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Loganair hails hydrogen as it battles Covid headwinds to return to profit

Loganair chief executive Jonathan Hinkles
Loganair chief executive Jonathan Hinkles.

Loganair says the type of aircraft it operates could fly using hydrogen “well before the end of this decade” as the Scottish carrier unveiled its return to the black following losses during the pandemic.

Hydrogen is the front runner in the race with electrical power to fuel the aircraft of the future, says Loganair chief executive Jonathan Hinkles.

He also highlighted the carrier’s work in reducing existing pollution noting passengers opting to fly emitted “significantly lower” emissions than using a car and ferry.

Flying lower carbon than driving or by ferry

Mr Hinkles told the Press and Journal: “In many of the studies, if you are going from Edinburgh to Orkney, it was about 8.5 times lower carbon emissions flying with Loganair than it was to take your car and get on the ferry from Aberdeen to Kirkwall.”

Hydrogen H2 symbol.
Hydrogen could power aircraft before the end of 2030. Image: Angel Garcia/Bloomberg

But it is hydrogen where the airline boss believes some of the future lies, noting that sustainable energy is “more likely” to be in use first as a source to power aircraft than electricity.

“The good thing for us is it hydrogen lends itself to a fairly confined route network such as Loganair’s in the Highlands and Islands,” said Mr Hinkles adding: “The network we have would lend itself well to hydrogen infrastructure.

“This is moving more rapidly – hydrogen is becoming the front runner. I think it is eminently likely the timescale of aircraft we operate will be certificated for passenger carrying well before the end of this decade.”

The University of the Highlands and Islands (UHI) is already working with partners at the European Marine Energy Centre (EMEC), in Orkney and Highlands and Islands Airports to investigate the implications of hydrogen, among other alternative fuels on aircraft operations and airport infrastructure.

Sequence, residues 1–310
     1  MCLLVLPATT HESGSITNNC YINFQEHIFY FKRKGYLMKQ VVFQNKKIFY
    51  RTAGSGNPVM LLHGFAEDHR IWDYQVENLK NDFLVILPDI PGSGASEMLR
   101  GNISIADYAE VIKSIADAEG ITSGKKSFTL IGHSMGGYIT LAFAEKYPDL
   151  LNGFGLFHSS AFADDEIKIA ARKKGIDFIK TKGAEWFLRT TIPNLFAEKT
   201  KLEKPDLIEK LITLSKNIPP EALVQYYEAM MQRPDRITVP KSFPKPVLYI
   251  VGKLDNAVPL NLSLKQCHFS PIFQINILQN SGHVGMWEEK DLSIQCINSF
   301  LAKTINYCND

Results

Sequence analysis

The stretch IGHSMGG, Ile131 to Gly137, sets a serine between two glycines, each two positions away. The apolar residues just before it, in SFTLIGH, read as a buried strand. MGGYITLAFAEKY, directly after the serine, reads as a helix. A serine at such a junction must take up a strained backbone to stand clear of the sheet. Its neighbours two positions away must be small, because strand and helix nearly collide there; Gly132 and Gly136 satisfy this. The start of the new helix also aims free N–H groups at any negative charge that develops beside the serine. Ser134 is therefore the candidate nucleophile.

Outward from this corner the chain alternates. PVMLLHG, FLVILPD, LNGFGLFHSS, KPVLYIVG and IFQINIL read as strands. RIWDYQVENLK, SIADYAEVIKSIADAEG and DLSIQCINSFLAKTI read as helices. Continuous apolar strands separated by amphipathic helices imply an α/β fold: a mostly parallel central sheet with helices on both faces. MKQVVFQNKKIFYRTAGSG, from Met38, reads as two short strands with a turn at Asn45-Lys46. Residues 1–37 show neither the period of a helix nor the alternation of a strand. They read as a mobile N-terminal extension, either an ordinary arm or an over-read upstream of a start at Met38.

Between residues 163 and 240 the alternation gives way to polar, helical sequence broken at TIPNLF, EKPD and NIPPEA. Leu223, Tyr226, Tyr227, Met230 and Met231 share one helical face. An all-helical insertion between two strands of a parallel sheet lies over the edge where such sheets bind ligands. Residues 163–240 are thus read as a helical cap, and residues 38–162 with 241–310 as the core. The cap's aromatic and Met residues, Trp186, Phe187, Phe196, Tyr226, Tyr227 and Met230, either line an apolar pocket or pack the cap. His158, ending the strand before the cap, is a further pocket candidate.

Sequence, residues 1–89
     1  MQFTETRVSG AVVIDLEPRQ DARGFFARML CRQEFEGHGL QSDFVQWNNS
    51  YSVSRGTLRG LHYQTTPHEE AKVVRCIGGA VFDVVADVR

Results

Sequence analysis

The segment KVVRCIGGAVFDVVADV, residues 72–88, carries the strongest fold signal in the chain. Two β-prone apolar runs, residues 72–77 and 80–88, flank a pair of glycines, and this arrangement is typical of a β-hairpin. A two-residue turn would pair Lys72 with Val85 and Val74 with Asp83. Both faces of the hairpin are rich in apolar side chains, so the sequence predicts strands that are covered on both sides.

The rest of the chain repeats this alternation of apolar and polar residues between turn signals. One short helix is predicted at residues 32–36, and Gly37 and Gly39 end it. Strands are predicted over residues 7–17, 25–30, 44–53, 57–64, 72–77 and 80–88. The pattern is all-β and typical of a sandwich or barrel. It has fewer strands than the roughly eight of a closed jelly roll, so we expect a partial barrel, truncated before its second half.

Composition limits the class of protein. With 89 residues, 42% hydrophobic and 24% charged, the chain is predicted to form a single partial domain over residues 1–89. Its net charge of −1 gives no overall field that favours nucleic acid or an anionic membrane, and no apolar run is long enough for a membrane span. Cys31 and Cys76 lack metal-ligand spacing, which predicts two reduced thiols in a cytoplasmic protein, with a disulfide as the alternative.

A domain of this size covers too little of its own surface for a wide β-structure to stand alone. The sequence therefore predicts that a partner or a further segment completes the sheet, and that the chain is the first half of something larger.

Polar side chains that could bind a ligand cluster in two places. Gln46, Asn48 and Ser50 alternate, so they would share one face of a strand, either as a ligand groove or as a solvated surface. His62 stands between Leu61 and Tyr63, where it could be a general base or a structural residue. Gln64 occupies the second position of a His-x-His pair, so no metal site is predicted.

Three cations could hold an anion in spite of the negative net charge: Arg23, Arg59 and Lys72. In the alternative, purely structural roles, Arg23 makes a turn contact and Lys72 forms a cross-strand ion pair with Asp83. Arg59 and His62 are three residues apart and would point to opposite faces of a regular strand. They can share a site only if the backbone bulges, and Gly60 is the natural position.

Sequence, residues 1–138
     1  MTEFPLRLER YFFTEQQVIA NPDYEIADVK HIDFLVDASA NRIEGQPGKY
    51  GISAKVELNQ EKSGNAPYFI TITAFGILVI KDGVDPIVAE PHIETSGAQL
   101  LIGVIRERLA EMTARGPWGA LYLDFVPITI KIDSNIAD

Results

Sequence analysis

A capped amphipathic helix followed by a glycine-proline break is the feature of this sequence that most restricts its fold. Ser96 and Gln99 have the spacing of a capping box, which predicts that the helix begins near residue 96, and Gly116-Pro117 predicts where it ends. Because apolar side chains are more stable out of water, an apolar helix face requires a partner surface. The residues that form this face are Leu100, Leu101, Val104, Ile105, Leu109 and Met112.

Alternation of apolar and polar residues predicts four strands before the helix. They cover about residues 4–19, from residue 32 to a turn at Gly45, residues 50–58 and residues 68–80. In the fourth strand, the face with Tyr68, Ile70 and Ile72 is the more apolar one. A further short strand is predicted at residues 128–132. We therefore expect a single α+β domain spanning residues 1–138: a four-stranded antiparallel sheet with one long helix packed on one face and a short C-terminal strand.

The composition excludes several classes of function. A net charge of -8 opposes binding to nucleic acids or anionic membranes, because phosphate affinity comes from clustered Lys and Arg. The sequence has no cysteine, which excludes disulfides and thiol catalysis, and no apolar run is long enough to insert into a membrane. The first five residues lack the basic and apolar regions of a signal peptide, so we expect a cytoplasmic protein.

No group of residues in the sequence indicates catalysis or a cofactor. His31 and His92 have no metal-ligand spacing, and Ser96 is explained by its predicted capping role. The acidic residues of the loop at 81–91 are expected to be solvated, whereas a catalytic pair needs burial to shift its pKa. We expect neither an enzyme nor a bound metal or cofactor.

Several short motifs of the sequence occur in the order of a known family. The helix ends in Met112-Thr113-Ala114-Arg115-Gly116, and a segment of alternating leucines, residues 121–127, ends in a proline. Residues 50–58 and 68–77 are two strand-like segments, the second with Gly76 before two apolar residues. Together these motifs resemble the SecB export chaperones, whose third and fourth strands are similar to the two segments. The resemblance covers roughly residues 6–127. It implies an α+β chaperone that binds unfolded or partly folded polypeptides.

Loganair has introduced new islander fares
Loganair recently announced it was up for sale.

Airline for sale

Loganair recently announced after 25 years as investors in the airline – initially as part-owners and since 2012 as sole owners – Stephen and Peter Bond have decided to appoint advisors to review options for the sale of the company.

Mr Hinkles estimates it will probably be “well into next year” before it finishes analysis of potential suitors as the carrier unveiled its return to the black following losses during the pandemic.

“I don’t think anything will probably happen until the middle of next year,” said Mr Hinkles adding: “What was done (sale announcement) was at the very, very earliest stage – rather than keep it under wraps was say we are starting a process.

Lognair aircraft
Loganair is back in the black after Covid years.

“By the time we have completed assessing interest from different parties, I think it will be well into next year.”

Back in black – “we are coping”

Loganair also revealed it had returned profits before tax of £4.98 million on turnover of £161m in the financial year to March 31 after two years of losses during the pandemic citing its strength not only in scheduled flights, but also across its work in the oil and gas, cargo and sporting charter services.